Which 2018 NBA second-round draft picks will deliver in rookie season?

Rookie, NBA Draft
photo via: Stephen R. Sylvanie/ USA TODAY Sports

First round picks are nice, but let us not forget how important picks 31-60 can be. There has been an assemblage of second-round picks in past seasons who have managed to carve their way onto an NBA roster and find ways to contribute.

The 2018 NBA Draft class was deep and saturated with talent. After the first 30 players were selected, there remained a few gems in the second round, waiting to be picked up by an NBA team. These players who may have been skilled enough to be taken in the first round, for whatever reason, fell through the ranks. So, who are these second-round gems and why will they specifically stand out?

To answer that question it is important to break it down into three categories for each player: 1. their situation 2. their overall skill set 3. their potential role on each team.

PG – Jevon Carter – Memphis Grizzlies (32nd overall pick)

photo via: Rick Bowmer/ AP


After Memphis selected big man Jaren Jackson Jr. with the fourth overall selection, they decided to keep the theme of defense rolling in the second round. In doing so, they were able to grab arguably the best defensive guard in the draft class in Jevon Carter. Carter led the NCAA in steals with 112 last season.

With the Memphis Grizzlies looking to re-capture the “Grind House” style of play that led them to successful seasons in the past, Carter is the perfect selection. Playing behind an experienced and defensive-minded player in his own right in Mike Conley, Carter should find no problem adjusting his style of play to match Conley’s.

Drafting Carter makes logical sense from a health stand-point. Conley has struggled to stay healthy and be out on the floor for Memphis, missing a total of 109 games over the past three seasons. While Carter, on the other hand, did not miss one game in his time at West Virginia. NOT ONE. Having Carter as a healthy and more than capable option who can step up in case Conley is unable to go, should give head coach J.B. Bickerstaff some relief.


As a rookie, his defensive capabilities will be put to the test each night (especially playing in the Western Conference). With that being said, he will have to find other ways to make an impact. In his four years at West Virginia, Carter developed a reliable and consistent stroke from beyond the arc. In his last season with the Mountaineers, Carter averaged 17.3 PPG while shooting 39.3% from three and 42.2% from the field.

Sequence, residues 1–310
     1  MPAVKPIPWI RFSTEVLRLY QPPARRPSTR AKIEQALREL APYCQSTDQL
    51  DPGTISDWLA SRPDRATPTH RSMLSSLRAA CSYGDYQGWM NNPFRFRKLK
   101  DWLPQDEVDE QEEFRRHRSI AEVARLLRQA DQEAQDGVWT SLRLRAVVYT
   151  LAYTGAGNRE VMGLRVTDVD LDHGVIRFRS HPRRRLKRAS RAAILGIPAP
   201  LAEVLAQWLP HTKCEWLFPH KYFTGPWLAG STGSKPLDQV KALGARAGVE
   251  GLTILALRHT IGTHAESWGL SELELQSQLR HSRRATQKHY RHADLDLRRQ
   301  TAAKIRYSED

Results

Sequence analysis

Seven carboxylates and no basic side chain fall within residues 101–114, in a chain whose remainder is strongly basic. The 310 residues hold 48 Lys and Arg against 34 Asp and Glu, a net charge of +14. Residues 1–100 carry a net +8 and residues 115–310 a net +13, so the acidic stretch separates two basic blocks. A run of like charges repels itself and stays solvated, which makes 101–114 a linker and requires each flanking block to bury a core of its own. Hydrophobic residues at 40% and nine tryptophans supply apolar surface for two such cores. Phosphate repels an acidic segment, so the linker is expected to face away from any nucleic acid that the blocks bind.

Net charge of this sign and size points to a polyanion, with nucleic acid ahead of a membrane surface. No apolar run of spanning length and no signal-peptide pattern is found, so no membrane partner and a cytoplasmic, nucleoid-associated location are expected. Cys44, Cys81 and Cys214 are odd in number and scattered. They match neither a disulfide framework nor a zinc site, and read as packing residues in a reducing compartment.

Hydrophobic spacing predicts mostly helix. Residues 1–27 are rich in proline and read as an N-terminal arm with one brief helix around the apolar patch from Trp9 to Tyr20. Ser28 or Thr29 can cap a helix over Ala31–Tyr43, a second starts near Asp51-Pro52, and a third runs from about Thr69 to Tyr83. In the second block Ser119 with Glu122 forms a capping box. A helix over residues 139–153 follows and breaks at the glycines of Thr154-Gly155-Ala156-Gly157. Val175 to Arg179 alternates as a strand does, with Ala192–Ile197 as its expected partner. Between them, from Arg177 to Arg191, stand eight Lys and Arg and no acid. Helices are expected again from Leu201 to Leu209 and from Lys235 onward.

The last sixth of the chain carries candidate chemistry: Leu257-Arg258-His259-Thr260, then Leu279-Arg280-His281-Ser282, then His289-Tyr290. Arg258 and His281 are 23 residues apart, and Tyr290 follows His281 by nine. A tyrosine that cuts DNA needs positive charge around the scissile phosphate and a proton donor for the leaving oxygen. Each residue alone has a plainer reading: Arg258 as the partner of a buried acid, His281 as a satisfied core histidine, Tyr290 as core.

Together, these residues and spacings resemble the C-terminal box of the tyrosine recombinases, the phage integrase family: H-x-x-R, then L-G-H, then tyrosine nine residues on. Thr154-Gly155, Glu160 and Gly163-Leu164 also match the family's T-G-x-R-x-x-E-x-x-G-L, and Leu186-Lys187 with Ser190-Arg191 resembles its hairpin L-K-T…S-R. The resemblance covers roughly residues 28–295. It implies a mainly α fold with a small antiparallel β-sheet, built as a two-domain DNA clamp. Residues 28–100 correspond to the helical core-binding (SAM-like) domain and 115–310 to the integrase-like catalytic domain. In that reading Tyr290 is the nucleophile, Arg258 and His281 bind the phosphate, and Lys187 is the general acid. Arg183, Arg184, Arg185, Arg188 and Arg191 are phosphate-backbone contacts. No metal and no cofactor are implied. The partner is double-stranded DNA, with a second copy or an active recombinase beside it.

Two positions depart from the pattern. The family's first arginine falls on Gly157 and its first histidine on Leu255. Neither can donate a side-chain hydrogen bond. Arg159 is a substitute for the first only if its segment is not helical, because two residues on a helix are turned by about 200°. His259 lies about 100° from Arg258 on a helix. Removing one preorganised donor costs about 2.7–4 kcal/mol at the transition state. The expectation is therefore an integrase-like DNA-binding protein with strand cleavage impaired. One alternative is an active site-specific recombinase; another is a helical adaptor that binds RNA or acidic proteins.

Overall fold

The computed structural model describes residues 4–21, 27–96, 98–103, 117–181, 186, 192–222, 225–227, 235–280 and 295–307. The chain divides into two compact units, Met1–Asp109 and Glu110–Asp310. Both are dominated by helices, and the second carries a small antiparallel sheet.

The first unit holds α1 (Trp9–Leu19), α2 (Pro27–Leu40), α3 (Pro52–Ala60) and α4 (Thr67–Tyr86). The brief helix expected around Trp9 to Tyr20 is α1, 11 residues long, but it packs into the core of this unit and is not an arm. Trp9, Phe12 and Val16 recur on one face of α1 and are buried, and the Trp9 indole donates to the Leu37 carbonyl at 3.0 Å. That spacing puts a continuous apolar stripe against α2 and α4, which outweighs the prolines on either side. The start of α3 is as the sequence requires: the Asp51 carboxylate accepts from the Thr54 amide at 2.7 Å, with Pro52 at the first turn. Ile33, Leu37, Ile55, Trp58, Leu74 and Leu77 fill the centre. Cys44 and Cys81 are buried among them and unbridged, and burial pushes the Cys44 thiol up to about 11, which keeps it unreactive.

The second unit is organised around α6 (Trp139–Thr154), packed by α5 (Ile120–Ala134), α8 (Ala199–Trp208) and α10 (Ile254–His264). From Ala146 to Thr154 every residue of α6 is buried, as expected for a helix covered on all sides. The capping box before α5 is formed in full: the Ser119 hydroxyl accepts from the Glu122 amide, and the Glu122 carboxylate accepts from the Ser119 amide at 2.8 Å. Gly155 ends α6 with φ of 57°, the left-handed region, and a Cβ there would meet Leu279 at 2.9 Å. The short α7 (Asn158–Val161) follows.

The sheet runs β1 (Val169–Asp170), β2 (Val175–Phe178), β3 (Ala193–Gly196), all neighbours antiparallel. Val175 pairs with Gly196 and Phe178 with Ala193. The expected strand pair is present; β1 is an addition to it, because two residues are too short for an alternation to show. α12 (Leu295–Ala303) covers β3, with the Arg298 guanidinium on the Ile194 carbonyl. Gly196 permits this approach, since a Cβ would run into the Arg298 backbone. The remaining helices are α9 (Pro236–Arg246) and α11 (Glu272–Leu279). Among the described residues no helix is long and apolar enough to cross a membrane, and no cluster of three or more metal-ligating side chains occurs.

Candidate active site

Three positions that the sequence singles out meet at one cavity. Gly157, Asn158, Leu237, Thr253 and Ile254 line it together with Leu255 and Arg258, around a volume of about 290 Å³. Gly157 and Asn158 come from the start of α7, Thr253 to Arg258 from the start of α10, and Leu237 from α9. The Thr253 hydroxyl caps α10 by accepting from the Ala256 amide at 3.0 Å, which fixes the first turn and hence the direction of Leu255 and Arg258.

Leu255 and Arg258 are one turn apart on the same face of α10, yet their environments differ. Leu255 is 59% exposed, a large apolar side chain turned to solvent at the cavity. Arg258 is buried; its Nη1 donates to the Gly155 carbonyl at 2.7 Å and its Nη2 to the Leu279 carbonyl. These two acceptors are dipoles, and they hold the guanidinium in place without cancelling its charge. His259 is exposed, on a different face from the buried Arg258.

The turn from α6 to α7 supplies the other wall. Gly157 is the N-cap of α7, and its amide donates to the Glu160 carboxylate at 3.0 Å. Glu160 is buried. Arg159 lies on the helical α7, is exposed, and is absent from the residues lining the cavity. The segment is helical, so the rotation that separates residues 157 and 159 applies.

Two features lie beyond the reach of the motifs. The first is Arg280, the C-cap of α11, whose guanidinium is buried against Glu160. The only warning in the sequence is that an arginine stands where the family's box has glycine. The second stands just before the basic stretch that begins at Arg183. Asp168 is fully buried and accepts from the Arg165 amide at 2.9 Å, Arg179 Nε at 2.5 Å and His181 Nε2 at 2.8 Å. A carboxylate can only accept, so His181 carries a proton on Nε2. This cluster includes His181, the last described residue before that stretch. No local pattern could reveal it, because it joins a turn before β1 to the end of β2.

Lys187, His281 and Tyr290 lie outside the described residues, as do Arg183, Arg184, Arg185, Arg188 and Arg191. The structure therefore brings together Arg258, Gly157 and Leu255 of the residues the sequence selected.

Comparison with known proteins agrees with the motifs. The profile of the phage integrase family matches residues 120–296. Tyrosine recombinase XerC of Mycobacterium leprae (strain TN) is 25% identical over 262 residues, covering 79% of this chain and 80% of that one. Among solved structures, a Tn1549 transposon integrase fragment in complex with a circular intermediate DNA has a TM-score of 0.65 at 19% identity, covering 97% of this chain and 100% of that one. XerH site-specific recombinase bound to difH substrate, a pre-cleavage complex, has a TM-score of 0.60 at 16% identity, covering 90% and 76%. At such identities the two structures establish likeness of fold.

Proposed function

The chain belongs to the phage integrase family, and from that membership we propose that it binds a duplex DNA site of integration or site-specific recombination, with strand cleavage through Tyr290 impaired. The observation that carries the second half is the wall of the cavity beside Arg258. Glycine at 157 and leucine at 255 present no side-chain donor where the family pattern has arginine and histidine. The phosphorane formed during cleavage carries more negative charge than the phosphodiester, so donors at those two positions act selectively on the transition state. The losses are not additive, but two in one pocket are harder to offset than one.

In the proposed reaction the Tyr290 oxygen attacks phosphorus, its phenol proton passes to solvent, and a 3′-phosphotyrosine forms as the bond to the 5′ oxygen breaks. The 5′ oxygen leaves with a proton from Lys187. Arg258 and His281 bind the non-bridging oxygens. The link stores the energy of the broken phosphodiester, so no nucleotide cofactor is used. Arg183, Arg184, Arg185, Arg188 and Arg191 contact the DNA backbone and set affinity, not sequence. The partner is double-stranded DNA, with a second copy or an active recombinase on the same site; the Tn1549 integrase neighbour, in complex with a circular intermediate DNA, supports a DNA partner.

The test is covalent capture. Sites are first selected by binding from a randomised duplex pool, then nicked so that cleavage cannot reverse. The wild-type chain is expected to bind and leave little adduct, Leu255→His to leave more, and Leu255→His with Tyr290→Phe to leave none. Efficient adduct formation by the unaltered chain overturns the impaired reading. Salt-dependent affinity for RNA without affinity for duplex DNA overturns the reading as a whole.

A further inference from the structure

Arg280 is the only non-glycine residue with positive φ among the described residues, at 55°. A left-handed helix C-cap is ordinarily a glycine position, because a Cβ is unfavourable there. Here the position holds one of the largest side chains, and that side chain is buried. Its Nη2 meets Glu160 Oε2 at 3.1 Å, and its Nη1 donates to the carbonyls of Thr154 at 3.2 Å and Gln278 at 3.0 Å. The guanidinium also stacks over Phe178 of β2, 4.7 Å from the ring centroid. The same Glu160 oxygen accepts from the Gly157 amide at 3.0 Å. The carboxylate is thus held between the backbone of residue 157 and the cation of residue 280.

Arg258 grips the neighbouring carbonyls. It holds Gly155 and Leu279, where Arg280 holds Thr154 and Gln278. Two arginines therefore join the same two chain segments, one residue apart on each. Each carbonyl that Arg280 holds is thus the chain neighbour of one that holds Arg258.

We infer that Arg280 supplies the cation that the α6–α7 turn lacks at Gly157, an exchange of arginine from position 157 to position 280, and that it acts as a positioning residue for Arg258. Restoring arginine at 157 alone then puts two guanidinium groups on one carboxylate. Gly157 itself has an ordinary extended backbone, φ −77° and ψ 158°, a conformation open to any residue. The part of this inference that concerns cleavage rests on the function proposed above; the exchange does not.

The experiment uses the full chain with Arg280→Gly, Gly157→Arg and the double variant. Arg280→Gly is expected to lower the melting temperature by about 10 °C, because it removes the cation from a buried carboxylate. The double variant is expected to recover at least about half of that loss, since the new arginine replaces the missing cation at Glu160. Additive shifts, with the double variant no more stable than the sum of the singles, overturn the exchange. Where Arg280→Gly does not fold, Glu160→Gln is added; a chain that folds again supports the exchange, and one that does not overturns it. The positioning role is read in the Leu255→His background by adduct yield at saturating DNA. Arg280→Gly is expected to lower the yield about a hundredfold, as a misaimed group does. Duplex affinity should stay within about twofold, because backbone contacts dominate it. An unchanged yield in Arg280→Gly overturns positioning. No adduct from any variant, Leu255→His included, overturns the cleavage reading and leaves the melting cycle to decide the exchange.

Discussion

Carter has continued to find similar success in the summer league, collecting averages of 9.3 PPG, 4.8 RPG, 4.5 APG, and 1.3 SPG.

While isolation is not where Carter thrives, he does possess superb decision-making skills which makes him a valuable player to have in the pick and roll game. Having screen options with Jackson Jr. as a rim runner and Marc Gasol as a pick and pop option, Carter should generate healthy assist totals.

In creating opportunities for his teammates, Carter then has a polished jumper and can knock down a bucket if given an open look. With the high level of intensity he plays at, Carter also possesses the ability to take his opponent off the dribble and attack the rim where he can finish or draw contact.

Potential role:

Bench point guard. In no way will he start over Conley. Carter does have the potential to eventually be a starter in this league one day if he continues to improve his offensive game and keep his high level of energy on the defensive end consistent.

Think of him as a younger version of Conley and his eventual predecessor. For now, Carter will most likely come off the bench and command the second unit. Carter could also see a good share of minutes and could even be on the floor at the same time as Conley if the Grizzlies decide to go with an all-defensive unit.

PG – Jalen Brunson – Dallas Mavericks (33rd overall pick)


The two-time national champion and Naismith player of the year award winner Jalen Brunson has landed himself in a great situation and organization with the Dallas Mavericks. After general manager Donnie Nelson was able to acquire international wunderkind Luka Doncic in a draft day trade, Dallas beefed up their stacked backcourt by selecting Brunson with the third pick in the second round.

In the Las Vegas summer league Brunson has posted a statline of 7.1 PPG, 5.0 APG, and 2.8 RPG. While he is only seeing the floor for an average of 22.8 MPG, Brunson is clearly working his way towards the speed of the game. Once that is figured out and adjusted by Brunson, his effectiveness will eventually shine through.

With rookie standout last year in Dennis Smith Jr. already in place, many questions have surfaced about how head coach Rick Carlisle will rotate all these terrific playmakers. Brunson is the ideal fit for leading the second unit. He is a player who can be a leader of the team without playing a majority of the teams minutes (watch the national championship game where he was a cheerleader from the bench).

Brunson is capable of taking a backseat for the betterment of the team when he was the backup point guard behind Ryan Arcidiacano back in 2016 when Villanova won the National Championship.


Where to begin with Brunson’s skillset. Although he is only a 6’3″ point guard, Brunson finds himself rather comfortable with his back to the basket in the low-post. Being able to score and pass out of the post as well as shoot the three, Brunson becomes a versatile inside-outside scoring threat. Something that the Mavericks need more of with Nowitzki soon out the door.

With quick and deceiving dribbling moves, Brunson also becomes capable of blowing past and crossing up his opponents, which will be useful in isolation situations as well as the pick and roll game. Basketball IQ is something that cannot go unrecognized and unappreciated, and when you blend that with tremendous talent and ability, you get a player like Brunson.

photo via: Bob Donnan/ USA TODAY Sports

Brunson is one of the best playmaking guards in this draft. He is a dominant, patient, and confident ball handler with good decision making who always seems to make the right basketball play.